If you own a business or have ever thought about going down that road, intellectual property is an important issue that you need to consider. Depending on the type of business, you may need trademarks, copyrights, patents, or all of the above. Here are a few basic tips for these issues:

Trademarks:

What is a trademark? 

A trademark is a group of words and/or symbols identify your business, usually the company name, slogan and logo. Once registered, your trademark is federally protected and you can take enforcement action against anyone who tries to use the same words and/or symbols. You can also apply to register the trademark internationally and enforce it in each country where it is registered. Trademarks can be registered nationwide through the US Patent and Trademark Office and statewide through the Texas Secretary of State.

Is a d/b/a the same thing as a trademark? 

No! A “D/b/a” filing (doing business as) just lets the local government know that you are doing business under that name. It does not offer any protection of that name, and anyone who owns a registered trademark to that same name would win an infringement dispute.

Should I apply for a trademark? 

If you are already using or planning to use a particular name and/or design in your business, yes. You want to be certain that no one else can steal your name or design, and likewise, you don’t want to get in trouble by using the same name or design as someone else. Be sure to do an online search via the US Patent and Trademark Office and Secretary of State websites before choosing a business name and purchasing marketing materials. You will also want to search the local Secretary of State’s website for conflicting business names. However, a registered trademark will trump someone who has merely filed entity formation papers such as an LLC or Corporation with the state and has not registered that name for a federal trademark.

When should I apply for a trademark? 

Apply for a trademark as soon as you decide which words to use (company or product name, slogan, etc) and/or have a finished logo design. Trademarks are approved on a first-to-file basis, depending on the date of your application, so apply as soon as possible.

Should I reserve the company name by itself, the logo, or both? 

Both! You can apply to reserve only words with no design element, and you can also apply to reserve a design (your logo) along with the company name or other applicable wording. By applying to reserve only the company name without the logo, you will be able to enforce the registered trademark against anyone who simply uses that name. Registering the design is definitely recommended; however, it protects that specific logo and the odds that someone would try to use that exact design are less likely than the attempted use of your company name. If finances are limited and you need to choose, then apply to reserve the name first.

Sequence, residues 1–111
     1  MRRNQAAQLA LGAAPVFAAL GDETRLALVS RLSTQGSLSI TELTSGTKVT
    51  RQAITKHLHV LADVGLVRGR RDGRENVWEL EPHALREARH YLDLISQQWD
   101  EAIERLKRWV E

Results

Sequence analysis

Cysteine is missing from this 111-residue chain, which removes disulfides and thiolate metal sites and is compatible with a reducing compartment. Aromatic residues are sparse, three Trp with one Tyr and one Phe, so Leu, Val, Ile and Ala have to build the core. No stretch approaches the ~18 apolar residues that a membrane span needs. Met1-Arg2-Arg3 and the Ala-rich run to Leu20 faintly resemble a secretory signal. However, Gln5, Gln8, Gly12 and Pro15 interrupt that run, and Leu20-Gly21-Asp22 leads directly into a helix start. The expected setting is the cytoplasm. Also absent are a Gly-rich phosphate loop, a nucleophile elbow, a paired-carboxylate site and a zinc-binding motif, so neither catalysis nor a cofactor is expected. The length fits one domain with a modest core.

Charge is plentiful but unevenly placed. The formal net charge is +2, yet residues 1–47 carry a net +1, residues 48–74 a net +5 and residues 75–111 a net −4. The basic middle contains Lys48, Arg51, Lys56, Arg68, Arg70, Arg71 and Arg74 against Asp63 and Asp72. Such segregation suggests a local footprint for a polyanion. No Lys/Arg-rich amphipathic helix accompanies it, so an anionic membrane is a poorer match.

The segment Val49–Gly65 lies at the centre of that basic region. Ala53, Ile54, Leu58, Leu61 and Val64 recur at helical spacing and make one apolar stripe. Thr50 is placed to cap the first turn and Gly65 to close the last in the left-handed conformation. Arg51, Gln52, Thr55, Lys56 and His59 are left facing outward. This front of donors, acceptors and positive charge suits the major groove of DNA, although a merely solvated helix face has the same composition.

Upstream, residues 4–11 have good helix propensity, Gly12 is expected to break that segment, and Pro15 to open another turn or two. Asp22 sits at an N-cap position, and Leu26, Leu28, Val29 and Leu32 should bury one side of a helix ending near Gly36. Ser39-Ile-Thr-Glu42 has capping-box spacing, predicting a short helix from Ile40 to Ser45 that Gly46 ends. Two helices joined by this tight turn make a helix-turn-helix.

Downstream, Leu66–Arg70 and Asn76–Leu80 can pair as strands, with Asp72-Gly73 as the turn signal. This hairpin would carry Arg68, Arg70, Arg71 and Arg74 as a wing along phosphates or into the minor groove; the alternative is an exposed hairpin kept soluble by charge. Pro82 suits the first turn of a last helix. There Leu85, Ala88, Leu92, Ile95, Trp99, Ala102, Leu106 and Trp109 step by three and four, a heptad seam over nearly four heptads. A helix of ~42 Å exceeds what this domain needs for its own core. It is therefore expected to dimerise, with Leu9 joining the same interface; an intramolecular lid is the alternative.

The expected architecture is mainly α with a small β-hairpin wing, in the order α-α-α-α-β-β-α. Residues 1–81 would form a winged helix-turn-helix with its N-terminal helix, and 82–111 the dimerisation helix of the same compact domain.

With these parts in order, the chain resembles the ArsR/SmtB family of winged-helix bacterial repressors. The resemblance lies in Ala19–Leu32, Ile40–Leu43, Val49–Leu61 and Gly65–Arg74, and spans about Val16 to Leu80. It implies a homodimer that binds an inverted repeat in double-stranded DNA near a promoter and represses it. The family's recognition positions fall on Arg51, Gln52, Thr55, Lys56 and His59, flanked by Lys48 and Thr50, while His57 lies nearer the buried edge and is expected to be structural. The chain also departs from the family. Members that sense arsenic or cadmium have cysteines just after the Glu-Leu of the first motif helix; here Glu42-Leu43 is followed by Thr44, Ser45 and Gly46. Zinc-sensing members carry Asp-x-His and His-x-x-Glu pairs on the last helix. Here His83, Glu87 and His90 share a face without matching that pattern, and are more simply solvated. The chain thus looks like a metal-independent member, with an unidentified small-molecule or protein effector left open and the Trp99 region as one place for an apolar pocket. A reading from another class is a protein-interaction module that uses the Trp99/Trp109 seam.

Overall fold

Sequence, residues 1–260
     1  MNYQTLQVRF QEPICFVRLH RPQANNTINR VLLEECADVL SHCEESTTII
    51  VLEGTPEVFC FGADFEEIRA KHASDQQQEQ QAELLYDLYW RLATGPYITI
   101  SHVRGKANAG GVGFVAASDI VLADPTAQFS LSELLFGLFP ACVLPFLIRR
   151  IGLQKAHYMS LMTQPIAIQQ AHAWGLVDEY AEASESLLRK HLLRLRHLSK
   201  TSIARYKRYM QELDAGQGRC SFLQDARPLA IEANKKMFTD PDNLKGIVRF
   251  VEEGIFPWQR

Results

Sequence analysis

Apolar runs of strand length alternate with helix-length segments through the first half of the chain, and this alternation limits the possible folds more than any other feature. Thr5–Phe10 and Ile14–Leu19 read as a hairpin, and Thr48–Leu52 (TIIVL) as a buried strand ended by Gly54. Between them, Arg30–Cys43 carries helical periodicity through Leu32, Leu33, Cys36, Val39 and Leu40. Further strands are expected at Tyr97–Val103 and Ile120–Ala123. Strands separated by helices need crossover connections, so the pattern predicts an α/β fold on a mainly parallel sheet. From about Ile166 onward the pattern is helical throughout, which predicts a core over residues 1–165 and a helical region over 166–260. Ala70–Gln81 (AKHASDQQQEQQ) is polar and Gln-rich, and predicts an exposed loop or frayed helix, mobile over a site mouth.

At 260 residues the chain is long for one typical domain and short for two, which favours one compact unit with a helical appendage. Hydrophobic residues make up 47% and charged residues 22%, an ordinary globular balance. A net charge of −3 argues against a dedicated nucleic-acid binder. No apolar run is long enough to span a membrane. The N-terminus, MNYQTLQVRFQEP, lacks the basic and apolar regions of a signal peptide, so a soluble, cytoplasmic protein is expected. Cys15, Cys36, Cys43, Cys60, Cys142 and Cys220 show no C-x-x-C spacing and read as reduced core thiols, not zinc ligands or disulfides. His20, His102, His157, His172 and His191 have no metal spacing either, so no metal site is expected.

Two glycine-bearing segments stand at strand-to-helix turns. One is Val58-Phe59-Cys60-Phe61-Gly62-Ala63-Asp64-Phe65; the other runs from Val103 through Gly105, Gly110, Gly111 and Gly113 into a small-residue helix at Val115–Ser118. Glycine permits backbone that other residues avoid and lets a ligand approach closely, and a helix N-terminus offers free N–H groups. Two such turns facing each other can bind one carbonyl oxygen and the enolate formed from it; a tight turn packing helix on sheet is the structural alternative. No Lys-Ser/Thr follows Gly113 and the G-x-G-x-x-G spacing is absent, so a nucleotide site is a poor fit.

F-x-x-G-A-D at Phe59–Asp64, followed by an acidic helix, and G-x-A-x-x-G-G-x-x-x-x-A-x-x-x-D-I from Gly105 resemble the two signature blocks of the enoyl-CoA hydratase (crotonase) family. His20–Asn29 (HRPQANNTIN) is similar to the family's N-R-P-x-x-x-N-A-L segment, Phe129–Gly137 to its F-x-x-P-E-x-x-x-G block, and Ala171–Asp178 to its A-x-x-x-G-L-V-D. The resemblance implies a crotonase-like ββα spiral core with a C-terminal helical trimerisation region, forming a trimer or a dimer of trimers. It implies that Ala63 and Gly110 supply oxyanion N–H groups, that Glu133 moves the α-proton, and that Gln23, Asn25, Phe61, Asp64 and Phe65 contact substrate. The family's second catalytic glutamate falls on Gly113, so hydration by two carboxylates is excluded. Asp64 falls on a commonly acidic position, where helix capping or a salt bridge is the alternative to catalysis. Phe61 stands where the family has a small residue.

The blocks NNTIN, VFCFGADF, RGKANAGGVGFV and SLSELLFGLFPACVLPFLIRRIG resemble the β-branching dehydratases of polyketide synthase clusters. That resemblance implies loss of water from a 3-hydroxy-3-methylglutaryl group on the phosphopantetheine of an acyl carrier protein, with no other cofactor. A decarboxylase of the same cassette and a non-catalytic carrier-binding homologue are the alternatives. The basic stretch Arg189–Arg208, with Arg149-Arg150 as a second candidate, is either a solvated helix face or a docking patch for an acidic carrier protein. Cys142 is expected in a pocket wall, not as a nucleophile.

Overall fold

Copyrights:

A copyright provides protection of original works of authorship such as book, song, movie, blog entry, etc. Like trademarks, copyrights are approved on a first-to-file basis, and are done through the US Copyright Office. Your copyright protects the content of the work, not the title; however, you can apply to register the title as a trademark. If you are producing works in a series, you can apply to register them as a group. Also, if you have reason to believe that someone will try to copy your work before it is complete, you can apply to pre-register it. Once the work is complete, then you will still have to submit a copyright application.

Patents:

Patents protect original ideas for inventions that include processes, designs, and other related elements. For example, if you create a new method to extract salt from ocean water, then a patent would prevent anyone else from stealing that particular method. If you want to apply for a patent, then seek out a patent attorney. This is a very specialized field and tedious process; you will want to make sure that the application is done properly from the beginning so you can enjoy the rights that it grants once approved.

- Emily Morris